@daedalus2u
    That was one of your best posts. But you ca take it a step further, it’s not just the pharma shill thing that isn’t true, the entire foundation of the website, that vaccines cause autism, isn’t true.

    My first posts on this issue was to point out just how evil the caricature of people like Dr. Gorski must be in the eyes of the anti vax crowd. They believe in their hearts that Gorski and everyone else knowingly withholds or distorts information hat injures children. What could be more vile an accusation to someone who has taken the hippocratic oath. A few years later they had their infamous baby eater post, which confirmed my feelings beyond my wildest dreams. And to this distortion is neccasery to perpetuate their delusions.

    The reaction to Jake Crosby’s piece is sadly the logical outcome of their thinking. Believing Gorski to be a real life Lex Luthor, this kind of letter writing campaign really HAD to occur. There is no way for these people to act otherwise once they truly believe Gorski to be so villainous. This is the scary part. Once you cross into that slipperly slope, it become almost logical for these people to act by any means needed. I am glad Craig Willoughby had the sense to actually speak against this.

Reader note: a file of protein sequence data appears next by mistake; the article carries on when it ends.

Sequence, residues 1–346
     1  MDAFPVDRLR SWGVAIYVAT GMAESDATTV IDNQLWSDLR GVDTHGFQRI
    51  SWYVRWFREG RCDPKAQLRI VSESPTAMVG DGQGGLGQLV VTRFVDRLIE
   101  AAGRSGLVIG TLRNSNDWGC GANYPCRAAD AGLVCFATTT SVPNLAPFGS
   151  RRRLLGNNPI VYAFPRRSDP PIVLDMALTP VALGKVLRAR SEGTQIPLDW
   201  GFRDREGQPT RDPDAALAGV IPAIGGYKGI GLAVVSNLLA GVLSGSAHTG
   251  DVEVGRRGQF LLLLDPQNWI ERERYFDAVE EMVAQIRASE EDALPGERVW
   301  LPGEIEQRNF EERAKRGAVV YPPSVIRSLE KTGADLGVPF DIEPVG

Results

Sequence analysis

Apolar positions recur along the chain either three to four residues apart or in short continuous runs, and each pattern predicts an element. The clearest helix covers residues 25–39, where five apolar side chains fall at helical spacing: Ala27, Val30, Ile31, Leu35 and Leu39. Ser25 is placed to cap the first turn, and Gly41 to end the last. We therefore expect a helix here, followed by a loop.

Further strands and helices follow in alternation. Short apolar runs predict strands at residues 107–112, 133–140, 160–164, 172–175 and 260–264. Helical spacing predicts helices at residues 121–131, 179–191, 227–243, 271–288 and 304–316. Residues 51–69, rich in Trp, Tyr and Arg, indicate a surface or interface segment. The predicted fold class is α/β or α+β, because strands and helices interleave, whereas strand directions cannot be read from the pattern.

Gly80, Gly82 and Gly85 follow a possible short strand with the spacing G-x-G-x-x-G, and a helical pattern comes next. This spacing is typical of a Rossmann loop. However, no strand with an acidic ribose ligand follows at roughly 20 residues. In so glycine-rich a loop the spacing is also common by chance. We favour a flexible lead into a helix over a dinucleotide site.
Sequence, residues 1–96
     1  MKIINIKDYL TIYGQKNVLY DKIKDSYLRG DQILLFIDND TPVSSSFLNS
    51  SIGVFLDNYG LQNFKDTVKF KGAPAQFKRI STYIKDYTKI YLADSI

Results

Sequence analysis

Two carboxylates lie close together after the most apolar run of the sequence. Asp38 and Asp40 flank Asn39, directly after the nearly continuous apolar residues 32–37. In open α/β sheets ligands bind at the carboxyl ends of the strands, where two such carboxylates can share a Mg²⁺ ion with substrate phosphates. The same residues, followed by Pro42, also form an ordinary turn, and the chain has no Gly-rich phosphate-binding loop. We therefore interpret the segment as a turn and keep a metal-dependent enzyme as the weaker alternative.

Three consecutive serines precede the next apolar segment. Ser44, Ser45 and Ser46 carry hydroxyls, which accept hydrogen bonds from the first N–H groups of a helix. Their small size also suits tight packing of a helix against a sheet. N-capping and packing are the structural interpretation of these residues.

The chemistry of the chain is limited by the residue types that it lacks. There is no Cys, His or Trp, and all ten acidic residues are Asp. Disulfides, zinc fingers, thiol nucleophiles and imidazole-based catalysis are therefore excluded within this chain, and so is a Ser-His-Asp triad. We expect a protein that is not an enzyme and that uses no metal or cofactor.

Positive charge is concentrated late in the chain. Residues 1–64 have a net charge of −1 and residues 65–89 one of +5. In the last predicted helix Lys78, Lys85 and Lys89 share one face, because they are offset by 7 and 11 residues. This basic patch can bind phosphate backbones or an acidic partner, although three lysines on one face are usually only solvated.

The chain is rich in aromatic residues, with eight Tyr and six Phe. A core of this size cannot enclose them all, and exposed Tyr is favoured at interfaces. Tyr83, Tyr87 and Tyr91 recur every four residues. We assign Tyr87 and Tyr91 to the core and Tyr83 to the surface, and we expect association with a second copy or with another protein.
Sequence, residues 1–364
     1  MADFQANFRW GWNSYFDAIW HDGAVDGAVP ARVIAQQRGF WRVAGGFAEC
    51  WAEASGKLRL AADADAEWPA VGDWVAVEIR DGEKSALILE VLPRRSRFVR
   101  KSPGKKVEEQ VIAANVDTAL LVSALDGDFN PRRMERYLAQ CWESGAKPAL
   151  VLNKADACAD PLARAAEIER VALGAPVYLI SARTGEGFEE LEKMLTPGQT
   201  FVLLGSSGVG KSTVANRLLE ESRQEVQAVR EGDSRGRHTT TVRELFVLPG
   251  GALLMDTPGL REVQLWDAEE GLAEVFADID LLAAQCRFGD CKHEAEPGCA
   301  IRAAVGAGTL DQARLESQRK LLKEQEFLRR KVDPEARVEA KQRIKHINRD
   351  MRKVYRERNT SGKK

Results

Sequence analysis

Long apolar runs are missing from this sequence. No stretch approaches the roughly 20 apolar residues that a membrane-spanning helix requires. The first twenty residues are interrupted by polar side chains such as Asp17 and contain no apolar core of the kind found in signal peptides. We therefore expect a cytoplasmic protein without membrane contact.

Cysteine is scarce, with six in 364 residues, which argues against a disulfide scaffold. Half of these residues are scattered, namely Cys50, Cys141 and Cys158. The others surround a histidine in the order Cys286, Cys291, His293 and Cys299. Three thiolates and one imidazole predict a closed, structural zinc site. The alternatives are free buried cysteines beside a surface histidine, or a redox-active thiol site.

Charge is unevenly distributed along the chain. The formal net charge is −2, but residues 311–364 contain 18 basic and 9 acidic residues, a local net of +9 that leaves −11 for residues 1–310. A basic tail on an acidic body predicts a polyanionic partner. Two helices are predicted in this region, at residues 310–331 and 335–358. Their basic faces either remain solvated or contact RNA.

24. daedalus2u says:

    superdave, that is exactly how xenophobia works and exactly what its “purpose” is. It is exactly to demonize individuals so much that they are fundamentally non-human and so do not deserve human rights, including the right to be not killed indiscriminately.

    That is the fundamental objective of all top-down power hierarchies, the people at the bottom become non-persons and so can be removed from the hierarchy and killed.

    That is the fundamental dilemma curebies face. They are unable to perceive their autistic children as fully human, so they don’t treat them as they would human children. In an earlier time children who could not be perceived as human were called changelings and were believed to be the offspring of non-human fairies, made to be physically identical to the human child that was stolen. Such children were abused and/or killed. Same as how curebie parents treat their autistic children today; pumping them full of industrial chelators, subjecting them to chemical castration and so on, anything consistent with the meme better dead than autistic. The better dead than autistic meme comes from xenophobia.